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Milk production ends 2019 with slow growth

Progressive Dairy Editor Dave Natzke Published on 24 January 2020

U.S. milk production closed out 2019 about the same way it began, capping a year that saw annual production grow just 0.3% compared to the year before.

December 2019 production rose 0.7% compared to December 2018, according to the USDA’s monthly Milk Production report, released Jan. 23. Based on that preliminary estimate, monthly year-over-year production grew 0.9% or less in 10 of 12 months during 2019.

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December’s restrained growth was due to a slowdown in the increase in milk production per cow. And, cow numbers were unchanged from a month earlier, although the USDA again adjusted cow numbers higher for two previous months for both the U.S. and the 24 major dairy states.

Since bottoming out in June, U.S. cow numbers are now up 37,000 head in the 24 major dairy states. Since August’s low, U.S. cow numbers are up 22,000 head.

December 2018-19 recap at a glance

Reviewing the USDA preliminary estimates for December 2019 compared to December 2018:

  • U.S. milk production: 18.28 billion pounds, up 0.7%
  • U.S. cow numbers: 9.339 million, down 14,000 head
  • U.S. average milk per cow per month: 1,957 pounds, up 16 pounds
  • 24-state milk production: 17.44 billion pounds, up 0.9%
  • 24-state cow numbers: 8.814 million, up 16,000 head
  • 24-state average milk per cow per month: 1,978 pounds, up 14 pounds

Source: USDA Milk Production report, Jan. 23, 2020

Cow numbers up since summer

Compared to a year earlier, December’s cow numbers were down 14,000 nationally, but up 16,000 in the 24 major dairy states.

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Compared to a month earlier, U.S. and major dairy state cow numbers were unchanged but, in a repeat from last month, November 2019 U.S. and major state cow numbers were revised upward by 8,000 and 4,000 head, respectively.

Three states – Texas, Idaho and Colorado, up a combined 66,000 head from a year earlier – continued to pace growth in cow numbers (Table 1). Kansas, Michigan, New Mexico and South Dakota were up a combined 21,000. In contrast, cow numbers declined in 12 states, led by Pennsylvania (-22,000), Arizona (-12,000) and Wisconsin (-8,000).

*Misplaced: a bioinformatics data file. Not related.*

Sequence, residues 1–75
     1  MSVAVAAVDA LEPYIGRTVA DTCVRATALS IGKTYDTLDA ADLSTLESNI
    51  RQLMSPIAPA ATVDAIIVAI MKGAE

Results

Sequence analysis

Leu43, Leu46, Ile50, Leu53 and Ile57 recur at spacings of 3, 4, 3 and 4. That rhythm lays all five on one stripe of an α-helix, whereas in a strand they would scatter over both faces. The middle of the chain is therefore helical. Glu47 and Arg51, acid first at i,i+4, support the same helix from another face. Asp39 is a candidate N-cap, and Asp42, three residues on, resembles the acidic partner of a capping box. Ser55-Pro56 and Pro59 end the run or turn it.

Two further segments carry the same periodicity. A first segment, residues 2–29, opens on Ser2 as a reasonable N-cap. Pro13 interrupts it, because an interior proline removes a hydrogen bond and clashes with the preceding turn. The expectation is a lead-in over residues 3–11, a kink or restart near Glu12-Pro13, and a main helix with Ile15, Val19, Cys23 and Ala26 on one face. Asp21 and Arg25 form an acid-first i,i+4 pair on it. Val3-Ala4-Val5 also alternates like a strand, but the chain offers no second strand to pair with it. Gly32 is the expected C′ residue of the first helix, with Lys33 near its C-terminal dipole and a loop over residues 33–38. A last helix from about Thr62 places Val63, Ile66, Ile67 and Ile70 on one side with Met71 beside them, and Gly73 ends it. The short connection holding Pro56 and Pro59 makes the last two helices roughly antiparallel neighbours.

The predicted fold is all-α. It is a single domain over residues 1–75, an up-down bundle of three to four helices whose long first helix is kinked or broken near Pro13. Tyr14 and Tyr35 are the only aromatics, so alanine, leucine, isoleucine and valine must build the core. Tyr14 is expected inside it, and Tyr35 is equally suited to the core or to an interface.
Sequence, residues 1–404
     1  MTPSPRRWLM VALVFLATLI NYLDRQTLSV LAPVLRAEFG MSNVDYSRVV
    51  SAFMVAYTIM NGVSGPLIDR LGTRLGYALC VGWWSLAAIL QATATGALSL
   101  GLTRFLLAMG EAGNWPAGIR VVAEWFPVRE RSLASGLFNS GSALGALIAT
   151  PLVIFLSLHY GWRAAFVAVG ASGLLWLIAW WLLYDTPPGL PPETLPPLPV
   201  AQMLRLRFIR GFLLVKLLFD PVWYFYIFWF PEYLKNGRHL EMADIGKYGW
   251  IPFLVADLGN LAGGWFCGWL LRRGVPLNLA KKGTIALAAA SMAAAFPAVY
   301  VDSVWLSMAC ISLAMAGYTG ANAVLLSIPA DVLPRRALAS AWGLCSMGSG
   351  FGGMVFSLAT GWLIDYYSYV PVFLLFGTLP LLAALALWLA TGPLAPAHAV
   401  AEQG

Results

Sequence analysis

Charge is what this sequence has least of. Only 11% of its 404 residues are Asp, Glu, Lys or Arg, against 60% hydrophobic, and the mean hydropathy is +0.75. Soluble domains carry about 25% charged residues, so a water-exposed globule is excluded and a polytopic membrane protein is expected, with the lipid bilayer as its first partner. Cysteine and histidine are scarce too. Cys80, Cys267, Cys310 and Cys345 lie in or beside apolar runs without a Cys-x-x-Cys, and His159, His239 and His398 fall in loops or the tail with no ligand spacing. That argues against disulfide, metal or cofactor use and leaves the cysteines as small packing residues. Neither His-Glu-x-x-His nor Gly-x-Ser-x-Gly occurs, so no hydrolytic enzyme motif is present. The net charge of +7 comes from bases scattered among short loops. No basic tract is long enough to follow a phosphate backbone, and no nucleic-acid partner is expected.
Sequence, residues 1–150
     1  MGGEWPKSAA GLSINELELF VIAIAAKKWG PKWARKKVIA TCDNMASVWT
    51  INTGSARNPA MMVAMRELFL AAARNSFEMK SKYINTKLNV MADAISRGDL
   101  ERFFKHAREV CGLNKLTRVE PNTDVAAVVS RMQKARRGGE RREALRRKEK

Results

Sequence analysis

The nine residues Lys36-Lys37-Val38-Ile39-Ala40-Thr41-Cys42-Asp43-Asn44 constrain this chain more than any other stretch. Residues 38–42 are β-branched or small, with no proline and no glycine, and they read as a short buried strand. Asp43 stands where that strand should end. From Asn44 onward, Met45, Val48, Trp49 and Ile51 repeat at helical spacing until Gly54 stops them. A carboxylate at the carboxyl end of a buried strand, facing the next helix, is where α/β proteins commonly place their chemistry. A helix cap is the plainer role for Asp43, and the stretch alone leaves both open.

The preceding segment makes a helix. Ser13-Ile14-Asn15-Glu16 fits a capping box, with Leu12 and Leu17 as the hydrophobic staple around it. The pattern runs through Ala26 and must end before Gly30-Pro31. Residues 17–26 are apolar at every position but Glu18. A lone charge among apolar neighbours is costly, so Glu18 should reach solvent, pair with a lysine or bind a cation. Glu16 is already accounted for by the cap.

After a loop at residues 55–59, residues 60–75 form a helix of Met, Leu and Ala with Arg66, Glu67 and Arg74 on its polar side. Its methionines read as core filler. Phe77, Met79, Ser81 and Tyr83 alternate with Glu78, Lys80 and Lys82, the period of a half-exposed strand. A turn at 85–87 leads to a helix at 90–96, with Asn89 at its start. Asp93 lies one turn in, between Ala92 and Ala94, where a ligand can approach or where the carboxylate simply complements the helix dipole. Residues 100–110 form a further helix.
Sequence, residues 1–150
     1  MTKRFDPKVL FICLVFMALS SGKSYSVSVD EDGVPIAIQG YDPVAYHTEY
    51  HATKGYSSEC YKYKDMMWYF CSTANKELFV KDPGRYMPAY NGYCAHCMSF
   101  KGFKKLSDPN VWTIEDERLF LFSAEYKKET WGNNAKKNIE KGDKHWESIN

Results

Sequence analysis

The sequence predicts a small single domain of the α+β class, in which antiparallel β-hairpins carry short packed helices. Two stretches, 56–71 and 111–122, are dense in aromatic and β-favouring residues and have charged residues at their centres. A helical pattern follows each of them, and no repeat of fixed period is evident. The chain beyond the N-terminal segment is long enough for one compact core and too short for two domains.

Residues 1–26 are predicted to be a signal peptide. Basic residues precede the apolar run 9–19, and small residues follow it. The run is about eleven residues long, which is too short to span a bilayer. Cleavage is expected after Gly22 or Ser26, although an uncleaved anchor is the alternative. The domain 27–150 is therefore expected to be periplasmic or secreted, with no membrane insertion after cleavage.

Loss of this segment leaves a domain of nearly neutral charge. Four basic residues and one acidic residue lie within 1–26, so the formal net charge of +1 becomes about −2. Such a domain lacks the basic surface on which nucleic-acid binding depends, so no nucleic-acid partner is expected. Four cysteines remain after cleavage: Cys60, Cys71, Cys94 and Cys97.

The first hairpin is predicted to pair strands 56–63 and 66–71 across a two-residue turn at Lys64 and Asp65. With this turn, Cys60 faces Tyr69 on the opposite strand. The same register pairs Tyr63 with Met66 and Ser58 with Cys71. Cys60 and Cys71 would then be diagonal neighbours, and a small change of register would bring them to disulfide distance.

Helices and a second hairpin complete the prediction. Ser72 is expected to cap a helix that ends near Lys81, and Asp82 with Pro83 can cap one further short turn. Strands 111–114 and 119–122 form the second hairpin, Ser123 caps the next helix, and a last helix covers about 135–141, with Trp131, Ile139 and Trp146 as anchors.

Compared to a month earlier, producers in Texas added 4,000 cows, with Kansas up 2,000 head. Producers in Pennsylvania and Wisconsin reduced herds by 2,000 head each, according to the USDA.

 012420 natzke tbl1

Milk per cow increase weaker

Looking at December’s preliminary estimates, year-over-year monthly growth in milk per cow slowed to about one-half pound of milk per cow.

Cows in 15 states yielded higher milk output per cow in December compared to the same month a year earlier (Table 2). Biggest gains were in Virginia and Pennsylvania (up 55 and 50 pounds, respectively). Cows in Oregon and Washington averaged declines of about 25 pounds each compared to December 2018.

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012420 natzke tbl2

At 2,205 pounds, Michigan continued to be the national leader in milk output per cow on a monthly basis.

Among all major states, Texas led in terms of milk volume and percentage growth in December 2019, up 93 million pounds (8.6%) from a year earlier.

Idaho production was up 40 million pounds (3.2%), and California output was up 16 million pounds (0.5%).

Wisconsin milk production was down 29 million pounds, a 1.1% decline. Arizona production was down 27 million pounds (-6.4%), and Pennsylvania production was down 13 million pounds (-1.5%).

First look at year-end totals

Based on the preliminary full-year estimates, U.S. milk production totaled 218.3 billion pounds in 2019, up 0.3% from 2018. Cow numbers averaged 9.332 million head for the year, down 67,000 head from 2018 and the smallest U.S. herd since 2016. Output per cow averaged 23,395 pounds, up 246 pounds.